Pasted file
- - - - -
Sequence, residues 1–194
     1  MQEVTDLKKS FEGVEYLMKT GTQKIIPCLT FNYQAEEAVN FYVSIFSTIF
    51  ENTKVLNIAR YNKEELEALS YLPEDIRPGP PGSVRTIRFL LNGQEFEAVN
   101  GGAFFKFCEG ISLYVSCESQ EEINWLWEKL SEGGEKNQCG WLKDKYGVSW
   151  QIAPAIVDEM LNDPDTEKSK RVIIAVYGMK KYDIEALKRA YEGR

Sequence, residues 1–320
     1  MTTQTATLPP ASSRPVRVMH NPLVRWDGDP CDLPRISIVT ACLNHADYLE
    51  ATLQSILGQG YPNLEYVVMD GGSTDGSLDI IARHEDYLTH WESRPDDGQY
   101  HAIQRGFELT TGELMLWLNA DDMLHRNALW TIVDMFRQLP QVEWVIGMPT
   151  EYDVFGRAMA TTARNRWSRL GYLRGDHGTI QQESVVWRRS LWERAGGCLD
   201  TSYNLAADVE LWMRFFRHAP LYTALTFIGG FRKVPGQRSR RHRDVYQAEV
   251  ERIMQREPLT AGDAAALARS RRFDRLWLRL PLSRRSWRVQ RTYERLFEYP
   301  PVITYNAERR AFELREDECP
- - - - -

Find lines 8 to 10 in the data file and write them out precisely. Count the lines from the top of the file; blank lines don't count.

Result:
    51  ATLQSILGQG YPNLEYVVMD GGSTDGSLDI IARHEDYLTH WESRPDDGQY
   101  HAIQRGFELT TGELMLWLNA DDMLHRNALW TIVDMFRQLP QVEWVIGMPT
   151  EYDVFGRAMA TTARNRWSRL GYLRGDHGTI QQESVVWRRS LWERAGGCLD